Steven Universe: One of the Girls

What could I possibly say about Steven Universe that hasn’t already been said?

The show’s received unprecedented recognition for its exploration of queer and feminist themes, and I’m completely here for it. It’s a Cartoon Network original, the first show that was produced by a woman, Rebecca Sugar, and for me it’s long overdue.

I’m a serious fan of Cartoon Network. The network does a fabulous job of creating new worlds and unique characters with depth. I love all of the network’s original programming, and I’m particularly impressed with Steven Universe for myriad reasons.

I’d been dying for years for Cartoon Network to take their shows to the next level and deal with social issues – to write dramatic storylines, as opposed to the general comedic stretches, and they went full force.

From the very first episode, I was captivated. I knew this was something unique, something special.

The tone of the show, the colors, the mood – all of it conveyed a certain kind of longing and sadness. It somehow managed to capture that emptiness that we all feel, and it immediately pulls you in.

And also sets up you up for the show’s general weirdness.


Can’t Be the Hero

For this post, I want to focus on the character Steven, rather than the Crystal Gems and I’m doing that because I feel like he gets brushed under the rug in many analyses that I’ve read. Steven in a lot of ways is extremely innocent and pure.

He’s always questioning the world around him and trying to help his friends. We see him as harmless, a good person. Someone who is humble and wants to be the best Crystal Gem he can be.

Steven is patient with the Gems as they often go on missions without him in the beginning. He’s determined to prove himself as someone worthy, and he doesn’t want to be a burden. But oftentimes, he makes swift decisions that threaten the Gems, and we don’t get the impression that he’s trying to master or advance his power.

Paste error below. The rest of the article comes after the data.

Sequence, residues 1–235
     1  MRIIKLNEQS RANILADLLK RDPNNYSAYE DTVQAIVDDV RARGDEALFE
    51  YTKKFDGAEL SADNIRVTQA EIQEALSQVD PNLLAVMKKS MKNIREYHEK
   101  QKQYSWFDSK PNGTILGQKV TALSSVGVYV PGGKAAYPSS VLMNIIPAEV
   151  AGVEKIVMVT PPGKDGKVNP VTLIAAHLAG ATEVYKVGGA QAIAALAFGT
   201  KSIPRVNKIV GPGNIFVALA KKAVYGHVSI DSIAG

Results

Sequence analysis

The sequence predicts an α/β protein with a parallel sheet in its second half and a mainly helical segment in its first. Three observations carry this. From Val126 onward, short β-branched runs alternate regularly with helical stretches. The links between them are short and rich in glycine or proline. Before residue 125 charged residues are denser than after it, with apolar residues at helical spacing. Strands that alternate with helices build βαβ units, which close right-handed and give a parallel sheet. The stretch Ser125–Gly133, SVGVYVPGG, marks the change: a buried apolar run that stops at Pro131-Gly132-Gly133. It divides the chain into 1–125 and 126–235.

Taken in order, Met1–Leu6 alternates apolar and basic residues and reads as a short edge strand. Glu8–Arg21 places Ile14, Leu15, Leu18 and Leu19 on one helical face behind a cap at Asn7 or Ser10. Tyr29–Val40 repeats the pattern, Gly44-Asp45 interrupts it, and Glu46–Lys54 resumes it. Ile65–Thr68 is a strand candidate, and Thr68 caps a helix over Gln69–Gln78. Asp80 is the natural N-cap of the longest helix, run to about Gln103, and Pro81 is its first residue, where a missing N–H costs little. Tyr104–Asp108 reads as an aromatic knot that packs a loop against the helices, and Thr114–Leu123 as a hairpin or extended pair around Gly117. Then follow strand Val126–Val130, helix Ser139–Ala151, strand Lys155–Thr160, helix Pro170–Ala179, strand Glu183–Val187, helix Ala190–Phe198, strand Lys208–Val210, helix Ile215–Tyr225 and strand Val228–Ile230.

An entire episode was dedicated to the fact that he couldn’t manage to fly, and simply had to float to the Earth’s surface.

He releases Lapis Lazuli, even though the Gems warn him that the mirror he’s using is possessed. He even kills a Gem, a friend of the Crystal gems, without consulting any of them because of the danger he senses. He continues to make his own decisions and he becomes very mistrustful of the Gems because they keep so many things from him.


Secrets & Lives

The burden that he carries is a big one – an inherited gem from his mother, Rose Quartz. He lives with the Gems and not his father, which in the beginning seems as though it’s because his father’s life isn’t stable.

We see Greg Universe living out of his van, but is his home life with the Gems that much more stable?

Don’t get me wrong, I love the Crystal Gems. They’re quirky and interesting, but their personalities display a lot of toxic tendencies.

A lot of their actions remain a mystery – like the one episode where Amethyst can’t stop watching Little Butler with Greg, she turns into Rose Quartz and the audience is left wondering – was there a relationship between the two of them?

A lot of the questions that pop up, are answered later on in the series, like Pearl’s relationship with Rose Quartz, but I can’t help but see that these are signs that this is something new for the network – an experiment and they’re figuring out the best way to tackle an emotional plot-line.

In some ways it works, and in other ways it doesn’t. As I mentioned, the holes and the way they tend to overly foreshadow certain things.

As for Steven, he needs a bit more. I like seeing him outside his norm. Like when he gets upset with Pearl for not telling him everything about his mother. Overall, he is whimsical, adorable, and strong even when he shows his vulnerability. It’s a new take on a masculine character.

When he fuses with Connie, we get to see all of the internal struggles he’s dealing with, and I’d like to see more of that.

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